Shows to See: December / January 2017
Shows to See: December / January 2017
The XX Factor: In the short days and long nights of winter, shows devoted to work by women artists are shining in Charlotte at the Mint Museum, at Pomona College Museum of Art in California, at Oklahoma State University Art Museum in Stillwater, and at the Museum of Arts and Design in New York City.
CA / Pomona
Pomona College Museum of Art
Rose B. Simpson: Ground
to Dec. 17
Rose B. Simpson curated and co-stars in this show, in which her large clay sculptures mingle with objects from the college’s collection of Native American art to emphasize their common lineage and to suggest questions about their shared future.
NE / Lincoln
International Quilt Study Center & Museum
Amish Quilts and the Crafting of Diverse Traditions
to Jan. 25
Amish quilts, sometimes considered a dark (in color) backwater of American quiltmaking traditions, take their place squarely in the many-hued mainstream in this show of quilts that don’t necessarily “look Amish,” curated by historian, scholar, and fifth-generation Mennonite quiltmaker Janneken Smucker.
NM / Santa Fe
Museum of International Folk Art
The Morris Miniature Circus: Return of the Little Big Top
to Dec. 31
The creator of this tiny-but-huge circus of about 100,000 pieces, W.J. “Windy” Morris (1904 – 1978), carved, molded, modeled, stitched, and painted his ¾-inch-scale animals, wagons, posters, and human figures during respites from his farm work over 40 years, inspired by the circus parades of his Depression-era youth. More than just a visual bedazzlement, Morris’ painstakingly researched panorama, with its segregated audience and other period details, is a fascinating document of its day. The circus was last on view in 1986; the museum has repaired and restored it for this run.
NY / New York City
Museum of Arts and Design
Coille Hooven: Tell It By Heart
to Feb. 5
Coille Hooven was in the vanguard among clay artists in expressing the joys and anxieties of home life from a feminist viewpoint. In her five-decade career, she has honored both the domestic and dream lives of women through imagery that often runs to shoes, pies, and aprons, as well as to mermaids and fantastical beasts.
NC / Asheville
The Center for Craft, Creativity & Design
The Future of Fixing
to Jan. 7
Fix it? Why not just throw it out? More than a dozen artists and design studios from around the world seek to counter that all-too-easy notion in their work by restoring an object, rethinking a production system, or recycling a material and to challenge viewers to apply the idea of repair in their own lives. The exhibition itself, created for a Polish design fair, is open to adaptation and fixing as it moves to new sites; this is its first U.S. showing.
NC / Charlotte
Mint Museum Uptown
Fired Up: Women in Glass
to Feb. 26
The Mint and the Toledo Museum of Art have teamed up to honor women glass artists in this show of about 40 blown, slumped, cast, lampworked, or otherwise woman-created works from the TMA’s renowned collection, some on view for the very first time.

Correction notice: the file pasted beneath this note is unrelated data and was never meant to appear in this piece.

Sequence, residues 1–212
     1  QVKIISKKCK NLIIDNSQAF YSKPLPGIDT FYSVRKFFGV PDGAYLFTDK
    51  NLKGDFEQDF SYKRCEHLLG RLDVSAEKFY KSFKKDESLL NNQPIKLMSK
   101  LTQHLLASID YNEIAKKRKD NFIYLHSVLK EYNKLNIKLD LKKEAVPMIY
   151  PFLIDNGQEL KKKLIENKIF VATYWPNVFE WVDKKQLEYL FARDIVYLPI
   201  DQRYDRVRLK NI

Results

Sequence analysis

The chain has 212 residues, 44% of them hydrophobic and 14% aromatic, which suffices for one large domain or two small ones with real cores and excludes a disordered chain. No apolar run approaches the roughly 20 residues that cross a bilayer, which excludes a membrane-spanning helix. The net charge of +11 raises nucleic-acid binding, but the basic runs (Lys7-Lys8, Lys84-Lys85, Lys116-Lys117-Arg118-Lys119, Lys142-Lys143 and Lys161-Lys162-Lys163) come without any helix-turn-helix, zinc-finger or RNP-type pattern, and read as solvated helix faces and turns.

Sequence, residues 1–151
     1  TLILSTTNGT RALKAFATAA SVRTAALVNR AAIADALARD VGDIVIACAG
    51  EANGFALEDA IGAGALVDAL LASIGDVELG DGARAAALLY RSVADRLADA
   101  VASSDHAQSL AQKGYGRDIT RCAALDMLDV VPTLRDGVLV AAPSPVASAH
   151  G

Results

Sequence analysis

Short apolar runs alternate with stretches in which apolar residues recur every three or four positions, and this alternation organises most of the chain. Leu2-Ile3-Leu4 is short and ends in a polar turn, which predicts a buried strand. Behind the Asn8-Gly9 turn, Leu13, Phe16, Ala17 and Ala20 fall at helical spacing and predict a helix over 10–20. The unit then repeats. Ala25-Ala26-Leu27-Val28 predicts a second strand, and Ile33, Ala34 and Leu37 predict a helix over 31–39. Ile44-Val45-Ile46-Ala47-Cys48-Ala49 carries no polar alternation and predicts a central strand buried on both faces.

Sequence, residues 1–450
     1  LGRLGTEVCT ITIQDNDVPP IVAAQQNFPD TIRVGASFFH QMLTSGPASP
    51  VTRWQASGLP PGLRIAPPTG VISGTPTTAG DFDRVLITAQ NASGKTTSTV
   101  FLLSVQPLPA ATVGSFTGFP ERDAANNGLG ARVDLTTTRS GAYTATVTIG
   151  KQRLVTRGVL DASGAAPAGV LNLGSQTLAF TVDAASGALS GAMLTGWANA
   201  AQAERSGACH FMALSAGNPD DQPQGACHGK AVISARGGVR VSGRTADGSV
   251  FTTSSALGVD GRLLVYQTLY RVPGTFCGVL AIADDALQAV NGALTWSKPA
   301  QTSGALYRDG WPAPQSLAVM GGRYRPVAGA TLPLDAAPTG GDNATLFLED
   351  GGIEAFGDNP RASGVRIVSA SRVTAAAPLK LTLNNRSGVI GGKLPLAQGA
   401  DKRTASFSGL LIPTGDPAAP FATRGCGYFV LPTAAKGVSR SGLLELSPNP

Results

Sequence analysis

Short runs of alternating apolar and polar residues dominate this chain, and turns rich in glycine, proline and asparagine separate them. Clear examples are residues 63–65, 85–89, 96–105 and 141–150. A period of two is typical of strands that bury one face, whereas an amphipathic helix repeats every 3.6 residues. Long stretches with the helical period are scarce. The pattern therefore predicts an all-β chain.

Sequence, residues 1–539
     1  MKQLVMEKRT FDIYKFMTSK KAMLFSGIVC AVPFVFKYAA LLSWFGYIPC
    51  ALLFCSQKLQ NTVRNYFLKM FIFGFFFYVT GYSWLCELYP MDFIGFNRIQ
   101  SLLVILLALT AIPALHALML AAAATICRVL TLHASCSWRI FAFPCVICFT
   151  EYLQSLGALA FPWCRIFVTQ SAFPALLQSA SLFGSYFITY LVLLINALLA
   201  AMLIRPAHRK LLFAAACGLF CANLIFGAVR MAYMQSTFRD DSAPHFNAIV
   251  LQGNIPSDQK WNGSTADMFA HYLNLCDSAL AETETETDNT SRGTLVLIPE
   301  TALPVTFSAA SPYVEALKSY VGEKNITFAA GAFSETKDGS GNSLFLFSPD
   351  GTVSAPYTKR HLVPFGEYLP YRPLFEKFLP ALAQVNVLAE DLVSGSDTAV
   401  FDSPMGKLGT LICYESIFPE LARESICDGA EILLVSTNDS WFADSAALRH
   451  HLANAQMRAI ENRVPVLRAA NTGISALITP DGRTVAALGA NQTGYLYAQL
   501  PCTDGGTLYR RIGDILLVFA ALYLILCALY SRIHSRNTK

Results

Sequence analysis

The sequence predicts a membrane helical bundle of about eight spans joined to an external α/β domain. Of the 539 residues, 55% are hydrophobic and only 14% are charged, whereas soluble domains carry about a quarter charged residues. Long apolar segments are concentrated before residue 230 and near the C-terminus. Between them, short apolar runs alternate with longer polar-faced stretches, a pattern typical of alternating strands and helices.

OK / Stillwater
Oklahoma State University Museum of Art
From the Belly of Our Being: Art by and about Native Creation
to Jan. 28
Twenty contemporary Native American women artists honor the feminine power at work in tribal creation stories and its larger cultural influence, in works of jewelry, sculpture, ceramics, installation, and painting.
PA / Pittsburgh
Society for Contemporary Craft
Edward Eberle Retrospective
to Mar. 11
In 40-plus porcelain, paper, and mixed-media works drawn from Pittsburgh artist Edward Eberle’s three-decade career, SCC reveals how his virtuosity has evolved along with his ethereal imagery.
PA / Wayne
Wayne Art Center
Craft Forms 2016
Dec. 2 – Jan. 28
Craft Forms, an extravaganza of craft in all its splendor and mediums, benefits the art center’s educational and outreach programs. The juror for this 22nd iteration is Stefano Catalani, formerly of the Bellevue Arts Museum, now of the Gage Academy of Art.
TX / Houston
Houston Center for Contemporary Craft
Best If Used By
to Jan. 15
What better than food, as both imagery and medium, to blend the concepts of consumable and keepable, perishable and permanent? Here, metal munchies and crocheted french fries are served up alongside embellished bananas and a cast-sugar Buddha that is melting, melting throughout the course of the show.
UT / Logan
Nora Eccles Harrison Museum of Art
Lighting the Fire: Ceramics Education in the American West
to Dec. 10
This show traces the handing down of mastery by more than 20 ceramic artists who also were innovative teachers in the 20th century. The artists, among them Marguerite Wildenhain, Gertrud Natzler, Laura Andreson, Ralph Bacerra, Patti Warashina, and Ron Nagle, inspired legions of students to bold experimentation and to belief in their medium as fine art, leaving lasting philosophical and technical legacies.